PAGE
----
Deformeter apparatus, of nine shapes of single-barrel conduits. A partial analytical check
was made using the least work method to determine the redundant reactions for all shapes
due to a uniform vertical load and a uniform horizontal load. Reaction coefficients for bending
moment, thrust, and shear at selected locations along the centroidal axis of the conduits have
been determined for 15 different loading conditions. A conduit of unit length was
considered in the analysis. Bending moment, thrust, and shear coefficients were determined
at the various locations shown, and are expressed in terms of unit intensity of loading and
unit internal crest radius. Multiplying the reaction coefficient by the proper load factor gives
the total bending moment, thrust, or shear at the centroid of the section under consideration.
The foundation load distribution due to a vertical load on the conduit must be assumed, and
is influenced by the modulus of elasticity of the foundation material. As the foundation
modulus increases, the foundation load distribution approaches a concentration at the
outside corners of the conduit, and as it decreases the load approaches a uniform
distribution. So in case of pure rock foundation triangular foundation reaction occurs and in
pure soil uniform foundation reaction occurs. For the dead load the assumed foundation
reaction is minimum at the centre varying linearly to a maximum at the outside corners,
with the intensity at the center equal to the intensity of the weight of the conduit at the
centre of the base.

t = r/2 t = r/3 t = r/6


0.33333 0.33333 0.33333

r r r
1.50000 1.33333 1.16667
D
r r r
2
Area (r ) 4.4635 2.7773 1.2895
BULLs METHOD

The theory divides the ring into 16 equal divisions with the external loads combined to give
16 point loads, one acting upon each of the divisions. Then it can be shown that

PV (for points 1 to 4) PV = 0.063 (Hn - Hw)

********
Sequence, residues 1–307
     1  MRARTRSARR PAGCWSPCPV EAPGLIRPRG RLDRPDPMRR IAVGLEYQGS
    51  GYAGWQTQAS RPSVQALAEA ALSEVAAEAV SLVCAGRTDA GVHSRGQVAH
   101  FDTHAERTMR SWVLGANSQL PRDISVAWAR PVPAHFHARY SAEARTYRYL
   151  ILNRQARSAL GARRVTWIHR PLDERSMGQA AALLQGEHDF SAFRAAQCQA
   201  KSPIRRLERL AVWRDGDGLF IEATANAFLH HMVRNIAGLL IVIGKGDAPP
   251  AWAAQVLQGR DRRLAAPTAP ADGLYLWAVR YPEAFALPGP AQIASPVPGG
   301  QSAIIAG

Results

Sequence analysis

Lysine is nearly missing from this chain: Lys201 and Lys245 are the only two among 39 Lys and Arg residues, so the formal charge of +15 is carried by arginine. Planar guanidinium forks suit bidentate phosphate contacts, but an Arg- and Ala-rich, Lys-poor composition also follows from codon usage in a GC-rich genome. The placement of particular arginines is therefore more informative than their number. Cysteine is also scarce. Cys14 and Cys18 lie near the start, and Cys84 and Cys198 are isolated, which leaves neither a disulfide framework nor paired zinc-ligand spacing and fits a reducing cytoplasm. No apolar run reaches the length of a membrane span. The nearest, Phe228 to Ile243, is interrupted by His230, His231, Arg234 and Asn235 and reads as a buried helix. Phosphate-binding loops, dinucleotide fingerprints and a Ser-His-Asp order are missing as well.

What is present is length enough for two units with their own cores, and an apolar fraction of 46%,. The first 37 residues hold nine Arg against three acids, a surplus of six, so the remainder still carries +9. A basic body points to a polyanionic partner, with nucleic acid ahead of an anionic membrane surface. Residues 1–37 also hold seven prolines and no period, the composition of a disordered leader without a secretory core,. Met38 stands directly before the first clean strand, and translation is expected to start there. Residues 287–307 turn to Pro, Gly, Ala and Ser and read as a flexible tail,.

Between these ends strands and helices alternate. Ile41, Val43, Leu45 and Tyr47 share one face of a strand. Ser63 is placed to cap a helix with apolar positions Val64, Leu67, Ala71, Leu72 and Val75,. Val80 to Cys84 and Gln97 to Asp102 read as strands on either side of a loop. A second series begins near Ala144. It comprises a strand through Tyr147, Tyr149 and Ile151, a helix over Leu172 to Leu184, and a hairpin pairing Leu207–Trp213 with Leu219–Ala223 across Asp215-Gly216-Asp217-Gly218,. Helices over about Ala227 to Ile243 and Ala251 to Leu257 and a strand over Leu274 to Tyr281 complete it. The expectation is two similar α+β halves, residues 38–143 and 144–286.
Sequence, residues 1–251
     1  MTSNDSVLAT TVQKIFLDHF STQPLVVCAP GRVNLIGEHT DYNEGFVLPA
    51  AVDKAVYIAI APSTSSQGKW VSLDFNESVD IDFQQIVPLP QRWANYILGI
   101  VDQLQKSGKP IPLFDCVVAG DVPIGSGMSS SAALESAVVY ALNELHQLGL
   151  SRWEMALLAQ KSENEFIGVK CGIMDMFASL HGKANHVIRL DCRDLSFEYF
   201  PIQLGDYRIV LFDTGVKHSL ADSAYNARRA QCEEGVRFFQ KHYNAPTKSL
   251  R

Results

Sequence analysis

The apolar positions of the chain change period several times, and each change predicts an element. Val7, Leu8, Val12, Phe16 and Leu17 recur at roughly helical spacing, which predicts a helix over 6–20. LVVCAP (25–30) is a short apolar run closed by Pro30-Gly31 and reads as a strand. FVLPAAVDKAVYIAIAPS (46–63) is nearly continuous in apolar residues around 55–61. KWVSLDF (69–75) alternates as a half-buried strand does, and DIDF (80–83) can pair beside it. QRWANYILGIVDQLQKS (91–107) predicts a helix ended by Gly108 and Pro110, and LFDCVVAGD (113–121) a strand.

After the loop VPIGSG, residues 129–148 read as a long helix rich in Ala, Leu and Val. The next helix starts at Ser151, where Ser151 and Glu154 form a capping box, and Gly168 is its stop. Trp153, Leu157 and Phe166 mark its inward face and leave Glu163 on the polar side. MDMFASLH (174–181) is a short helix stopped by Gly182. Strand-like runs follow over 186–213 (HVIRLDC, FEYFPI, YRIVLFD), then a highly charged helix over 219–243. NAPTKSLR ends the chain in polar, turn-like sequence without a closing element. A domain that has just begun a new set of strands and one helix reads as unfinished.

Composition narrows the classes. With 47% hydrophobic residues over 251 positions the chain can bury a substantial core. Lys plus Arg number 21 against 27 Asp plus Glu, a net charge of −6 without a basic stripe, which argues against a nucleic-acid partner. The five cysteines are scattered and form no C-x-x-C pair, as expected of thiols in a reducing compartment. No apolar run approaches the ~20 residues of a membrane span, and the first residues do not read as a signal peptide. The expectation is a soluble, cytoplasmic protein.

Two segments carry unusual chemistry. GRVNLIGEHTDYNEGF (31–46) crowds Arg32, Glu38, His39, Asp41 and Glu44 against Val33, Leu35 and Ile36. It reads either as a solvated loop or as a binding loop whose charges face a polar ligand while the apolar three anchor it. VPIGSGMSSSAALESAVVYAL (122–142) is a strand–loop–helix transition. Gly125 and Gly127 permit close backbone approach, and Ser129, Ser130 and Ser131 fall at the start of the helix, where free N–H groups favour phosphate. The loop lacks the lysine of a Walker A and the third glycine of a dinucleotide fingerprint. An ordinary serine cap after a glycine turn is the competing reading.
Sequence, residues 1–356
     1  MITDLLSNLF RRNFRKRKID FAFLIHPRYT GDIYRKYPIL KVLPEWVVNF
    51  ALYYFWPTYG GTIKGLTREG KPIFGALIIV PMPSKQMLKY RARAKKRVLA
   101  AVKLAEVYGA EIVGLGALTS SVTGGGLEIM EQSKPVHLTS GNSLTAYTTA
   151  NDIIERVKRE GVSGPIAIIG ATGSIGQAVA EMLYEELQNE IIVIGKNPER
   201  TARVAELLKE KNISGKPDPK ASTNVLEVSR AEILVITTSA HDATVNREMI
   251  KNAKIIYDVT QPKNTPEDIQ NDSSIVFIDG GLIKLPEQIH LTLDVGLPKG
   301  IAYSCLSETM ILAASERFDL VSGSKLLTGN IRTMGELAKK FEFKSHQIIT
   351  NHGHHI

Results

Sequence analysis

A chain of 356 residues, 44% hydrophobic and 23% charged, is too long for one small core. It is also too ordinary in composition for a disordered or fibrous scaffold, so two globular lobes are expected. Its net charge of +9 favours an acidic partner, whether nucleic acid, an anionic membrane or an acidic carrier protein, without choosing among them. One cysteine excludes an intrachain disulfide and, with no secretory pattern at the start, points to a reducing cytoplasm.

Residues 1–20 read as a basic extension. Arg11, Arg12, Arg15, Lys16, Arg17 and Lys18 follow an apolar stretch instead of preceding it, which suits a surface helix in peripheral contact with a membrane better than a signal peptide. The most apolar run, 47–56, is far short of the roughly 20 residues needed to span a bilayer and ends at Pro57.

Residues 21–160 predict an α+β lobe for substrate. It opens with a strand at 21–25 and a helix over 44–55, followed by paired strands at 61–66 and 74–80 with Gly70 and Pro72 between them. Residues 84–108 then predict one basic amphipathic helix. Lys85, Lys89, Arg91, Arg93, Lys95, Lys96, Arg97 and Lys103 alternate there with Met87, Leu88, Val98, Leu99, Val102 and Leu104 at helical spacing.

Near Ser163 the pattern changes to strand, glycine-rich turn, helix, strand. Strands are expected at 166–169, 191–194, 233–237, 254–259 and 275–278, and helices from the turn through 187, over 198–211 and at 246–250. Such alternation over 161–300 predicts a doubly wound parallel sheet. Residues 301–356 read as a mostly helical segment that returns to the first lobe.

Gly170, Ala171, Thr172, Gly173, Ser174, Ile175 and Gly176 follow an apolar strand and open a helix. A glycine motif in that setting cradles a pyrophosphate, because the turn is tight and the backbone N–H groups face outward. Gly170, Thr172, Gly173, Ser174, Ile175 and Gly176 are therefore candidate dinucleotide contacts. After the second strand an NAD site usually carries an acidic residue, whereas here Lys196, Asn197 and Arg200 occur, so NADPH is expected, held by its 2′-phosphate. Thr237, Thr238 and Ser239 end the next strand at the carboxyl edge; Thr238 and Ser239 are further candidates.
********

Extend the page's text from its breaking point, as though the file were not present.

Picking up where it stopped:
PV (for points 5 to 8) PV = -0.100 Hw - 0.125(Hn - Hw)

Ph = 0.100/3 Hn - 0.063 (Hn - Hw)

Where

Hn equals the depth from the surface to the point

Hw equals the depth to the water table.

Thus Pv and Ph can be calculated together with the weight of the lining for each point.

The bending moments and thrusts can then be determined for the active and soil reaction
forces, using constants given by Bull and summated to give the total values at each point
and thus the bending stresses.

PECKS METHOD

Pecks design methods utilises the strength of the surrounding soils and considers four
separate steps.

The provision of adequate hoop load in the lining of the anticipated distortion due to
bending of buckling of other external loads not included in the above.

The hoop stress can be calculated using conventional methods

D
Ring stress = pz where pz is the vertical pressure at axis = z
2

From the known distortions of tunnels an estimate can be made of the likely distortion of
the tunnel under load. Thus the bending moment due to stress distortion can be calculated
by conventional theories.

For the consideration of buckling Peck uses the formula

EI
H 3 2
a
Number of rams is calculated that could act on one segment and the maximum force from
each ram: Calculate the moment of inertia of the segment cross-section.

Thus direct compressive force = P/A = Total force/area

Bending stresses are My1/I and My2/I for the extreme fibre point thus the combined stresses
in compression or tension.

Shear stress is calculated for loading directly onto, and for the rams positioned midway
between any transverse ribs or gussets in the segment.